Any dog that crosses the finish line MUST have started with the rest. This is why the dog teams are so very large when they begin. An ideal team consists of 9 dogs. After that, you don’t get any increase in efficiency. But things happen during the race. The human is there to, above all else, care for the dogs. They clean and massage the dogs’ feet at every stop. (I want to say the schedule is 4 hours on the trail; 4 hours sleeping.) They feed the dogs (10,000+ calories a day per dog) and gather new food from places along the trail where their support team has hauled in supplies. Only the driver and the official race vet are allowed to touch the dogs. It’s only after the dogs are tended that the driver gets to sleep. And oh yeah, pretty huskies don’t participate in dog racing. They’re for “heavy lifting and Disney movies.” Dog racing is done by mutts who are lean, runners.

Though the race lasts for days, it's sometimes come down to a matter of seconds to determine the winner. It’s all terrifically fascinating! I’ll be watching the Iditarod this winter for sure!

Got back to my room only to discover that my room key had de-magnetized. I had to troop to the shuttle stop with my jet lag in full gear, go up to the main office, get chewed out for putting my key next to my phone (it wasn’t), and go back to the room, where the key indeed worked and I collapsed.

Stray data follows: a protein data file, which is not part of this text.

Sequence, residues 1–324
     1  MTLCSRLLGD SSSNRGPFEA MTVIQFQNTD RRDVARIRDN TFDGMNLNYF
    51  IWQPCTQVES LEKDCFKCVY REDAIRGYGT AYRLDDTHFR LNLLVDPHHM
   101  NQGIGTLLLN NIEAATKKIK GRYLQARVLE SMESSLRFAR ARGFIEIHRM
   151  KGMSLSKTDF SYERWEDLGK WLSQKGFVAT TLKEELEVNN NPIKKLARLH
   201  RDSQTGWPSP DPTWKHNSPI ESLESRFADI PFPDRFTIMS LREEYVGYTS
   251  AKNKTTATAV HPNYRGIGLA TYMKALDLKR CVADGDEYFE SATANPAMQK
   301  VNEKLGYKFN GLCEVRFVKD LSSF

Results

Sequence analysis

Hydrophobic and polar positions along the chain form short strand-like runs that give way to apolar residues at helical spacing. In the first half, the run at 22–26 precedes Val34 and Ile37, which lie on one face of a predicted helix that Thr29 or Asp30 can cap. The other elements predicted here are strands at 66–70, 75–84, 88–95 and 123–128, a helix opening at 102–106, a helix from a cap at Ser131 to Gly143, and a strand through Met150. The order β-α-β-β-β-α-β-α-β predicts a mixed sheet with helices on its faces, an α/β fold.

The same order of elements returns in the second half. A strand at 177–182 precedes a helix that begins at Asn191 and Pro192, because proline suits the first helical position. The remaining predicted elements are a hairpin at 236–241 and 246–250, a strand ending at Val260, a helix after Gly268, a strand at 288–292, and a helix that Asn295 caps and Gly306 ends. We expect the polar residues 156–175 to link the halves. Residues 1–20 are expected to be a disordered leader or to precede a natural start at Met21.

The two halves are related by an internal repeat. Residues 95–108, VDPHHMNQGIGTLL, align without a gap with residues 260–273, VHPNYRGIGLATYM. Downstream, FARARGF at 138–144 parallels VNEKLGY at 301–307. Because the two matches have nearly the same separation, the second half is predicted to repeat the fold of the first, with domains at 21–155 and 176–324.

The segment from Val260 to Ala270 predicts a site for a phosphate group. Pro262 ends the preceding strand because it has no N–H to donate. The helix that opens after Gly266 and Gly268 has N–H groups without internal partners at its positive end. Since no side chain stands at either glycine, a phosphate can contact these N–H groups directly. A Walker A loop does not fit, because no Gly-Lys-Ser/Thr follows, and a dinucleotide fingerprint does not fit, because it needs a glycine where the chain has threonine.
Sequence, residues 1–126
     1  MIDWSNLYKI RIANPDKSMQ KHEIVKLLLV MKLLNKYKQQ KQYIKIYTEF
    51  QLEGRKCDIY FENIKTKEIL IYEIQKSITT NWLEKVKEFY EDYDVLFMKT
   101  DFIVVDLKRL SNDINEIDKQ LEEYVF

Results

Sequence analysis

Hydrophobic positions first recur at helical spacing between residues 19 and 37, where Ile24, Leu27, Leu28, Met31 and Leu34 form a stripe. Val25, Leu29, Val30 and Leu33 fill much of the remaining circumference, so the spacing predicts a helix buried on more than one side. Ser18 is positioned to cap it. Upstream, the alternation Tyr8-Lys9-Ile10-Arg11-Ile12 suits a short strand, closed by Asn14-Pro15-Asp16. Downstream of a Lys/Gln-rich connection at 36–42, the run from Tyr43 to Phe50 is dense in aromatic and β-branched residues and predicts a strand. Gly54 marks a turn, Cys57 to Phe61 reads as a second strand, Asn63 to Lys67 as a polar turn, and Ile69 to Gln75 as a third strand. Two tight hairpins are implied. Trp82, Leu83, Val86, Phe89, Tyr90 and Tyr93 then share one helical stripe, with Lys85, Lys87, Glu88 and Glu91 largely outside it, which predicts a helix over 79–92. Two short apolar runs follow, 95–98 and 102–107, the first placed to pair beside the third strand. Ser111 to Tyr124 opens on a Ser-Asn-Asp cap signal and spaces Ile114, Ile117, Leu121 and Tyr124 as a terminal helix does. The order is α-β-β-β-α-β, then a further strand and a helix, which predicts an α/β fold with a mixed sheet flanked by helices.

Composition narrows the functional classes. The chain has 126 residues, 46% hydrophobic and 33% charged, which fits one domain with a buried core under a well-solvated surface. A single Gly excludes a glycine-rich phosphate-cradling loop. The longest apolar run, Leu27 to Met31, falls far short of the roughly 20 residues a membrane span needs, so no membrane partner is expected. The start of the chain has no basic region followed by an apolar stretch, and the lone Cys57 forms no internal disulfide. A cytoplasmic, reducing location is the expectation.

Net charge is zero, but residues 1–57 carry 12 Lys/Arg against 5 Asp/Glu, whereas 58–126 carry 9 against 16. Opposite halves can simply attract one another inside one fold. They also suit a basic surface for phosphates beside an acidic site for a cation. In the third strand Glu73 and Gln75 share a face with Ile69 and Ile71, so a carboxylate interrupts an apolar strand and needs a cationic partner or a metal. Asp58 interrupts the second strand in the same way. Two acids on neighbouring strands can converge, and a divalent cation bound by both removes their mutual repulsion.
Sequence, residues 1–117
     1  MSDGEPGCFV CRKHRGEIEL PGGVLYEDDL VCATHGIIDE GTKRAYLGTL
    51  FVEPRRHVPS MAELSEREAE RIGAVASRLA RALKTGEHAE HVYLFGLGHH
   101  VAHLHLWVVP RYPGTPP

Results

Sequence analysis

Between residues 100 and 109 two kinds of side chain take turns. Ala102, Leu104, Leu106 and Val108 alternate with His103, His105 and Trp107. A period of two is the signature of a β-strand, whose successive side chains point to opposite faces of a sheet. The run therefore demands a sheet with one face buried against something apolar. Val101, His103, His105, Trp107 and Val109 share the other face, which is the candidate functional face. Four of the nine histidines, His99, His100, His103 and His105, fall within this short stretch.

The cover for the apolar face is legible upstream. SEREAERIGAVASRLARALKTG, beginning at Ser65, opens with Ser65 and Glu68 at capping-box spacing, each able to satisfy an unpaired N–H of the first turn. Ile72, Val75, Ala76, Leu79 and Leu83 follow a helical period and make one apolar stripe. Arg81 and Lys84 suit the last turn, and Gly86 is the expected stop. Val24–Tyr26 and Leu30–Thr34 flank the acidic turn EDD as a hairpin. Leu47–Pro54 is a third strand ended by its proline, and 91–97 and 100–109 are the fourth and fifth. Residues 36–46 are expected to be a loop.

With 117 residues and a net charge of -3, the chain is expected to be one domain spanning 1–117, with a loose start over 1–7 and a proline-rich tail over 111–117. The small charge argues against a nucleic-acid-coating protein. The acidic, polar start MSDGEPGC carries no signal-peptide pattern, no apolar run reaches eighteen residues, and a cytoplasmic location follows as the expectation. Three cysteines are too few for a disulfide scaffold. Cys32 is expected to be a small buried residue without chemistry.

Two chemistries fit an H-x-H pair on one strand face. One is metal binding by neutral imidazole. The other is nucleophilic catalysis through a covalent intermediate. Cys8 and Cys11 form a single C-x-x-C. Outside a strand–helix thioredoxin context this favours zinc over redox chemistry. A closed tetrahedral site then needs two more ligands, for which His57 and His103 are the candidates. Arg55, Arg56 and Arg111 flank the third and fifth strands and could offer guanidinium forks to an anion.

Dall sheep

I was not looking forward to the next tour. It wasn't an extra; it was included in our cruise package. Most people (like me) were surprised to find it on our schedule, especially when we discovered how long it was and that the bus was not one of those sleek touring buses with comfy seats and, you know, a toilet in the back. I’d ordered a box lunch the day before, and it was waiting for me when we took off for the 7-hour+ bus tour of Denali Park. Our bus was a little better than a schoolbus. Our driver/guide was terrific. She’d been working in the park some 19 years and was looking forward to winter, when she leads one of the three dog sled teams that patrol the park daily.